Owner: Granger Collection, The
Source Type: Images
This 1594 engraving shows ships departing for the Americas from the port of Sanlucar de Barrameda, the main harbor in Seville, Spain. Apart from being the major port that connected Spain to its vast overseas empire, Seville was also the hub of scientific learning that made voyages to the New World (and its exploitation) a reality. The most important center of learning in Seville (and, perhaps, all of Europe) during the sixteenth and seventeenth centuries was the Casa de Contratacion, an institution created in 1503 to collate information about the New World and to teach modern navigational methods.
The Casa served as an institution for centralizing, standardizing, and improving all aspects of science that were necessary to conquering, understanding, and exploiting the New World. Supported by royal patronage, it employed a chief pilot (to lecture on navigation and to compile empirically drawn maps), a ship inspector, a chief cosmographer, and several mapmakers and instrument designers. To ensure standardization among all of Spain's pilots, the Casa was the only licensed manufacturer of navigational devices and compiled the empire's authoritative navigational chart, the Padron Real. According to historian Antonio Barrera-Osorio, the Casa de Contratacion was most important because it was an institution that supported and encouraged empirical observation, and thus gave credibility to hands-on knowledge gathering that had previously been reserved for textual scholarship. Seville, the lynchpin of the Spanish Empire, can also be considered the nursery of the West's scientific revolution.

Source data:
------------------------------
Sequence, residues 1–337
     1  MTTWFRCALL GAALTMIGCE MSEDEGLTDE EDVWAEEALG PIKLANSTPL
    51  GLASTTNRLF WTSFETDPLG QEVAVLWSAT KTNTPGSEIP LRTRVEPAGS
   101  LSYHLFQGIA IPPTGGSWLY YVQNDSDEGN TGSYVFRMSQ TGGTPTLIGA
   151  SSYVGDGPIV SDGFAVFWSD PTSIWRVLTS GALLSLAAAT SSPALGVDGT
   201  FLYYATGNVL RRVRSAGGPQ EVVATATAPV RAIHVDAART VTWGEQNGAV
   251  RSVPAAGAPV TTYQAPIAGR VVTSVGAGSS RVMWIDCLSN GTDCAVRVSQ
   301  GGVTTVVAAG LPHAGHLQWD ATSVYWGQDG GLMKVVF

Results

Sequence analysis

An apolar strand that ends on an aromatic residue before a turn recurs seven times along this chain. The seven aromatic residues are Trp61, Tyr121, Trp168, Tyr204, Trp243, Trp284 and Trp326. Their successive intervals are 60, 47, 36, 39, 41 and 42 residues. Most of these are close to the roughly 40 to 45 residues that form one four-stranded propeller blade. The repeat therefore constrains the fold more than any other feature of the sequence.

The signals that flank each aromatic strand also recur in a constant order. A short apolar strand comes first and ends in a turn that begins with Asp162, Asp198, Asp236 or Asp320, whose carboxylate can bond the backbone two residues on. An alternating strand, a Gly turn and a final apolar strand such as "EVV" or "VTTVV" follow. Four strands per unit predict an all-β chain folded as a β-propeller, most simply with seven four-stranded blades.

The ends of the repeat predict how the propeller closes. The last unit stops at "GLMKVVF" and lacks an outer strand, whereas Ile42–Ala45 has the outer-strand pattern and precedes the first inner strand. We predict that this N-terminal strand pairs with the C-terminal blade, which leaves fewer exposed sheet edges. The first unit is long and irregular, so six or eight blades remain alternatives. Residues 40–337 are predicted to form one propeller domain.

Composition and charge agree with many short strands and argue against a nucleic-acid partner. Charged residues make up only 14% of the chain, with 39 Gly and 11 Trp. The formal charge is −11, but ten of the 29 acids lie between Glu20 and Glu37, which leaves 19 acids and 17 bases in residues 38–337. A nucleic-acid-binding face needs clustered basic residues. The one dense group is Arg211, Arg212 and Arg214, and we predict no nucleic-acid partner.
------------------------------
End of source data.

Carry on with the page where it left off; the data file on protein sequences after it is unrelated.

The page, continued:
Reference: Barrera-Osorio, Antonio. Experiencing Nature: The Spanish American Empire and the Early Scientific Revolution. Austin: University of Texas Press, 2006.
CITATION: De Bry, Theodore. "Seville: Departure." 1594. The Granger Collection, New York. 0010550.
DIGITAL ID: 13012